Preparing for a Sea Change: A Strategy for Florida Coast - Summary

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A Strategy to Cope with the Impacts of Global Warming on the State’s Coastal and Marine Systems

Executive Summary
Florida Coastal and Ocean Coalition
Caribbean Conservation Corporation, Environmental Defense Fund, Gulf Restoration Network, National Wildlife Federation, Natural Resources Defense Council, Ocean Conservancy, Reef Relief, The Surfrider Foundation

Preparing For A Sea Change In Florida

Foreword
As a longtime Florida resident, as well as an ocean lover, explorer and scientist, I am deeply aware of the essential role that the coasts and ocean play in the life of this great state. From the coral reefs in the Keys to the glorious Panhandle beaches, from the quiet bays near Clearwater, where I grew up, to the oyster beds of Apalachicola Bay, the surfing beaches of the Atlantic and the estuaries of the Gulf, Florida possesses a rich coastal and ocean heritage. This heritage is threatened today as never before. Sea level rise, extreme weather patterns, warming waters and increasing ocean acidification are all predicted to result from the build up of CO2 in the atmosphere. No state is more likely to suffer these impacts than Florida, with its low- lying and flood- prone areas, extensive coastline and high coastal population density. Florida can and must be a leader not only in curbing the build up of C02 and other greenhouse gases in the atmosphere, but also in implementing smart, common-sense coastal and ocean policies that will Sylvia A. Earle, Marine Biologist help preserve the state’s natural coastal and ocean heritage. This guide, put together with careful thought by an impressive coalition of conservation organizations, lays out a roadmap for State policymakers to follow in preserving that heritage. The pathway is clear; what is needed now is action. Sylvia A. Earle, marine biologist, is the former chief scientist of the National Oceanic and Atmospheric Administration. She is chairman of Deep Ocean Exploration and Research and has served as explorer-in-residence at the National Geographic Society since 1998. She is a trustee of Florida’s Mote Marine Laboratory and graduated from St. Petersburg College and Florida State University (Duke PhD). She serves on various corporate and nonprofit boards, including the Ocean Conservancy, the Explorers Club and as honorary trustee of the Natural Resources Defense Council.

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Executive Summar y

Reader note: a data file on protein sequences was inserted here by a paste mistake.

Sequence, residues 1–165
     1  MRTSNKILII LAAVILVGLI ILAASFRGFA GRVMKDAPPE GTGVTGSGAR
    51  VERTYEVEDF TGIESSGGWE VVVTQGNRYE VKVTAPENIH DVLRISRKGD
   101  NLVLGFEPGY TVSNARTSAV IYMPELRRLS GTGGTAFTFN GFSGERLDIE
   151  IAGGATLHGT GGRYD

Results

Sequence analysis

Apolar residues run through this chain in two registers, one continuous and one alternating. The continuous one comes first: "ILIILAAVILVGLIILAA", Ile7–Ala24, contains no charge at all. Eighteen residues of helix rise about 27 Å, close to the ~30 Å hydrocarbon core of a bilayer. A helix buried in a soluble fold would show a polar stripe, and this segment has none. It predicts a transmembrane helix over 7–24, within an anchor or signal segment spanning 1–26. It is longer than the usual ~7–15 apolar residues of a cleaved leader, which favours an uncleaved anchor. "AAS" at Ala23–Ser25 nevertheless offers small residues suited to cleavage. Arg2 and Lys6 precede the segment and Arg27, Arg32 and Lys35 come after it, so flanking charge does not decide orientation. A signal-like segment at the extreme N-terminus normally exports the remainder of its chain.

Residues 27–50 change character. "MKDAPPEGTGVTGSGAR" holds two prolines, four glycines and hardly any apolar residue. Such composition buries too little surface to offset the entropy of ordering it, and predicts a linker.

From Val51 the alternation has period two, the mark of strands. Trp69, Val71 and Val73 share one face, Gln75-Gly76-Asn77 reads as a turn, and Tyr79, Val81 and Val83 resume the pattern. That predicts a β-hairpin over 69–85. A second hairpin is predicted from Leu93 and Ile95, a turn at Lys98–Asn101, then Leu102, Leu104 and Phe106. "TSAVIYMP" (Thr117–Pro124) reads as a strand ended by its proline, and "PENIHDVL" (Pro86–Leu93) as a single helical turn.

Florida is unique not only for her beauty and wealth of marine resources but her position of leadership and ability to forge a path for coastal communities worldwide to proactively face the looming and potentially devastating impacts of climate change. The Florida Coastal and Ocean Coalition, a group of environmental organizations working together to conserve, protect and restore Florida’s coastal and marine environment examines an ecosystembased approach to coastal and ocean management in light of climate change, along with the important linkages between the health of Florida’s economy and the health of its beaches and dunes, coral reefs, mangroves, sea grasses, wetlands and other natural resources. Florida’s coastal and marine habitats and the numerous ecological and economic resources they provide are invaluable to the millions of people who live in Florida or visit the state each year. The world class beaches generate tens of billions of dollars from tourism and recreation and provide habitat for numerous species of birds, sea turtles, and other wildlife. Coastal marshes, mangrove forests, seagrass beds, and other habitats remove excess nutrients and pollutants, act as a buffer against flooding, and support the vast majority of Florida’s marine fish and shellfish. And the coral reefs in the Southeast and the Florida Keys are home to thousands of marine species, support a thriving tourism industry, and protect Florida’s coasts from erosion and storm damage. These coastal and marine systems define Florida and frame the lives of Floridians. Unfortunately, Florida’s coastal and marine systems already have experienced serious degradation as a result of a variety of factors, including pollution, poorly sited coastal development, altered freshwater flows, and harmful fishing practices. Numerous restoration and protection efforts have been undertaken to tackle these problems, but the future of Florida’s coastal and ocean resources also depends on addressing the very real threat of global warming. With Florida’s human population expected to grow considerably in the coming decades, proactively confronting these challenges today is of paramount importance.